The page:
Did you need to do much networking beforehand? Japan is notorious for their love affair with business cards, do you require cards when networking in the performing arts sector?

Yes, networking is vital but building genuine friendships is just as important as well. Business cards are extremely important. I don’t go anywhere without them in Japan.

The Aussie Flim Flam Revue in Japan
The Aussie Flim Flam Revue in Japan

 

Was there much interest in The Aussie Flim Flam Revue in Japan Is there much of a burlesque scene there?

Yes, absolutely. We are starting to build a real following, especially after our latest tour. “The 1989 Talent pageant” show was choreographed. We had two group acts and all the performers did solos whereas the first year, the performers had their own individual acts so the vision of the show has changed dramatically. I believe audiences like seeing group work. In saying this, the performers also got to do their own individual act as well at a couple of our shows so it was the best of both worlds.

We had such positive feedback and I think it works really well in Japan. We also had a lot of merchandise which people love. We sold out of our merchandise very quickly. I make it clear that we will be returning with a lot more merchandise next tour.

The burlesque scene is different in Japan. It is quite small but everyone seems very close and supportive of each other. I love that. It is so empowering seeing such a close community.

Some of my favourite burlesque performers in the world are from Japan. There is a lot of talent over there. I was absolutely blown away on this last trip. One of the girls started off with a very traditional Japanese piece, it turned into this incredible pop number which I was not expecting. It was one of the most beautiful acts I have ever seen.

 

What were some of the differences you observed between the burlesque scene in Australia vs. in Japan? Do audiences have different expectations? Are there any differences in censorship?

This is a really interesting question. In some ways it is very similar but in others it is completely different.

When I first started performing in Japan, I found the audiences very quiet but would clap and make noise for a significant amount of time after you finish your act. Violet mentioned this to me before I went on stage and said that it is very normal. In saying this, on our recent tour, I found the audiences were a lot louder in some of the venues.

Some Japanese acts are quite long, they can last up to 9-10 minutes. The first time I performed in Japan, one of the other girls had a very unique act. It started with a classical number which then turned into heavy metal and finished off with a pop song, it was very well done though. There is a lot of thought, energy and pride put into acts in Japan. I thoroughly enjoy watching burlesque in Japan. My husband agrees, he has seen a fair bit of burlesque over the years due to me performing in the shows.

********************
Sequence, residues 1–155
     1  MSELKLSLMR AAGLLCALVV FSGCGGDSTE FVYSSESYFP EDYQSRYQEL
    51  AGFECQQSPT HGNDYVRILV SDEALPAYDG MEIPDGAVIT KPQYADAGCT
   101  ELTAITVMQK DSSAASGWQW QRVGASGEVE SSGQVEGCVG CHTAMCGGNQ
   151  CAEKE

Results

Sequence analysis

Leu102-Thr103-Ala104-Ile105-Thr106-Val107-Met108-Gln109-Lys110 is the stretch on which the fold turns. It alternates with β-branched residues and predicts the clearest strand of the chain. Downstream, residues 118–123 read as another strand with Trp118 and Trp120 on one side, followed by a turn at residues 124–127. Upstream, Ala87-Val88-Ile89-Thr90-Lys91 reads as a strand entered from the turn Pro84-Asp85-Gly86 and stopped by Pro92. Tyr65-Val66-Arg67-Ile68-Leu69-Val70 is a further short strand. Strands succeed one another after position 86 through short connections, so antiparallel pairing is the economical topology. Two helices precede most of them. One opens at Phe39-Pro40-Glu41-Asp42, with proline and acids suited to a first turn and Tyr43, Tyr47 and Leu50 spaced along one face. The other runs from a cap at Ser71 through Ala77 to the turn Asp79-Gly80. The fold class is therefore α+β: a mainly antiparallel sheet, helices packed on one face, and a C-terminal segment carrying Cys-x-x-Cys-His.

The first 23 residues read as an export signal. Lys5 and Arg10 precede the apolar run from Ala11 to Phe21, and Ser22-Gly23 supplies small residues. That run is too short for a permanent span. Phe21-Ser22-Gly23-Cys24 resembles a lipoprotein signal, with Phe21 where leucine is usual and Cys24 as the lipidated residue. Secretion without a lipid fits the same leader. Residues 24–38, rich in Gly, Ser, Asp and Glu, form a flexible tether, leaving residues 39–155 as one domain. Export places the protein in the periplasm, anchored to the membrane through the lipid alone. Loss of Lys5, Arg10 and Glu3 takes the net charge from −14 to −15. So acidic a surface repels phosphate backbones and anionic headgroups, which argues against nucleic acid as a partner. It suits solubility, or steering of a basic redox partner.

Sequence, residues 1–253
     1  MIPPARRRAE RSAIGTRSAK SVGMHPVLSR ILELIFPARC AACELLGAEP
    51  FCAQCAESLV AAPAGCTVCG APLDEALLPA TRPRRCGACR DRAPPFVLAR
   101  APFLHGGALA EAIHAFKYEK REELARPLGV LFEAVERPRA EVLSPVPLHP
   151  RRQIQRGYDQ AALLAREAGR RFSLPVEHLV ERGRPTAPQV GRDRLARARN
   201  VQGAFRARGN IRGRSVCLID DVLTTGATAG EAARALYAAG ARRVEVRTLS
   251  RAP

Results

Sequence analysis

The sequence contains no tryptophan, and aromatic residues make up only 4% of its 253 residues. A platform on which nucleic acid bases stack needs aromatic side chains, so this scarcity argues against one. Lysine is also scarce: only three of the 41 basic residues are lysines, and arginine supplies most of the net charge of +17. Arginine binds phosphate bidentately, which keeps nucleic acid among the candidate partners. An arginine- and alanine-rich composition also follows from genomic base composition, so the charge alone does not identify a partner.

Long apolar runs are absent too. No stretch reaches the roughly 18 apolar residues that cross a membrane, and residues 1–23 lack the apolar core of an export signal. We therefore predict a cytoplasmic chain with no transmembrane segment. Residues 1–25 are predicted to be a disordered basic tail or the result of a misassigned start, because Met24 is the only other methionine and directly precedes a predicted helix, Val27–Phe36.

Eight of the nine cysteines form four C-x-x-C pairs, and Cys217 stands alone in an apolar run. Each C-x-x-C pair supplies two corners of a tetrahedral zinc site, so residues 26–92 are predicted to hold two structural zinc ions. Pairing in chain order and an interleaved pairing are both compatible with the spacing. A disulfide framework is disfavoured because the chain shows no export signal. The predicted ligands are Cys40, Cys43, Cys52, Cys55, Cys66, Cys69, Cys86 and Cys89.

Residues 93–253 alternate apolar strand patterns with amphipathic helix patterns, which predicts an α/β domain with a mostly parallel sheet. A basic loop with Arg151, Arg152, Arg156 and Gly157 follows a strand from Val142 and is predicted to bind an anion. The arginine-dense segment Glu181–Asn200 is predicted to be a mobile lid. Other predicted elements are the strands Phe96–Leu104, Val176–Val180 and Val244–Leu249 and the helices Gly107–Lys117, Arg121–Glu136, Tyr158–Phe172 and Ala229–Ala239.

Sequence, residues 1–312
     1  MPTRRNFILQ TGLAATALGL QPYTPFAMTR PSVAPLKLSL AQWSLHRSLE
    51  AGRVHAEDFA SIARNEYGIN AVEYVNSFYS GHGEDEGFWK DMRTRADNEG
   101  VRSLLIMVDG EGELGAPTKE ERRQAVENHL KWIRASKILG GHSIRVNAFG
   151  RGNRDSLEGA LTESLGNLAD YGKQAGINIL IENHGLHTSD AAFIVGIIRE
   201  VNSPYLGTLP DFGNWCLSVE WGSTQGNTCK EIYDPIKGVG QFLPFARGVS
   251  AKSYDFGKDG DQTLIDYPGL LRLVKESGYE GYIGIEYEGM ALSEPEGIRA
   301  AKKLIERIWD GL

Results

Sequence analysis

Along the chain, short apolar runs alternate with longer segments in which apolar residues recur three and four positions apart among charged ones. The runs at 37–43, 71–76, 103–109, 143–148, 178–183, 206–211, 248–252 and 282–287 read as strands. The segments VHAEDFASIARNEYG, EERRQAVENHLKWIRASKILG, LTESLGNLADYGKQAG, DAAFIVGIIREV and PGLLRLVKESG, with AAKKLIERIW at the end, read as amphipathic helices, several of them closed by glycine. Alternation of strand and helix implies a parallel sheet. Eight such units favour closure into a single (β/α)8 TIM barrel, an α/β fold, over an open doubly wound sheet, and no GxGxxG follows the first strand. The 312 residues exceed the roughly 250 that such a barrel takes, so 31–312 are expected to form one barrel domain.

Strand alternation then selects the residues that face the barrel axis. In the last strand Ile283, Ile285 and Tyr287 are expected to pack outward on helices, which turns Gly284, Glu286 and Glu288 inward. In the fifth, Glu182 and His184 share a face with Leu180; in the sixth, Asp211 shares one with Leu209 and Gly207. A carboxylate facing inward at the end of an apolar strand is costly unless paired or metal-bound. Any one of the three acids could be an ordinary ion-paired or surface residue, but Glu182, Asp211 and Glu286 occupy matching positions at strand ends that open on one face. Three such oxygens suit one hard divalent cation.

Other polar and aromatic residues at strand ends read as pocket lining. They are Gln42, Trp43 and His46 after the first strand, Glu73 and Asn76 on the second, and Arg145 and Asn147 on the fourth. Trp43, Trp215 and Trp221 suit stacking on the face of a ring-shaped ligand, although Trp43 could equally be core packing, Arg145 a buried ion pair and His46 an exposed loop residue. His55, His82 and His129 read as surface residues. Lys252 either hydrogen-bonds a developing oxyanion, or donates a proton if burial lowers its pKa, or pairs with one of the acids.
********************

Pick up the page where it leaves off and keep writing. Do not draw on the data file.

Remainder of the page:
I also found that there is a real fan club in Japan. If someone likes you and your performance, they will be at every single show you perform in. It is like having a loyal friend.

Another difference about burlesque shows in Japan are the audience members often tip the performers after their acts. It is a great way to acknowledge the audience members and thank them for coming to our show.

 

Do you have any advice for Australians wanting to perform in Japan? Not just burlesque but any performing arts?

Research everything about Japan and respect the Japanese culture. Go to shows, introduce yourself and don’t expect anything. Take a real interest in whatever field you’re in and perhaps speak to someone who has already experienced it. It’s worth it.

 

How do you select dancers to participate in The Aussie Flim Flam Revue? Are you recruiting? 

Previously I have taken people who I have worked closely with over the past few years. People who have given me opportunities or who are good friends who believe in what I am trying to achieve.

The Aussie Flim Flam Revue is evolving each year and the aim is to get many different performers over to Japan to experience it. I am not specifically looking for an exact genre either. I want performers of all talents, I am looking for dancers, singers, showgirls, circus, burlesque performers, anyone with a talent. We commence weekly rehearsals for the show six months before the tour and I am based in Melbourne so it is a big commitment if you are from interstate.

 

Do you feel that The Aussie Flim Flam Revue has inspired Japanese performers to come here to perform too?

Yes, all of the performers I work with in Japan desperately want to come to Australia which leads me to my next project for this year which I mentioned earlier.

I am currently working on bringing two Japanese performers to Australia in late 2017 to tour with me and some special guests up the East Coast. This is exactly what I wanted to create for The Aussie Flim Flam Revue.

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Kirrily Zoon

Kirrily spent her extended gap year collecting Japanese entry stamps in her passport for her work designing itineraries for Australians visiting Japan. In 2016 however, she left the travel industry to study a BA majoring in Japanese at La Trobe University. After representing Victoria at the Japanese Speech Contest, she is now preparing to return to Japan to undertake an internship in Tokyo before embarking on a year of study in Kyoto.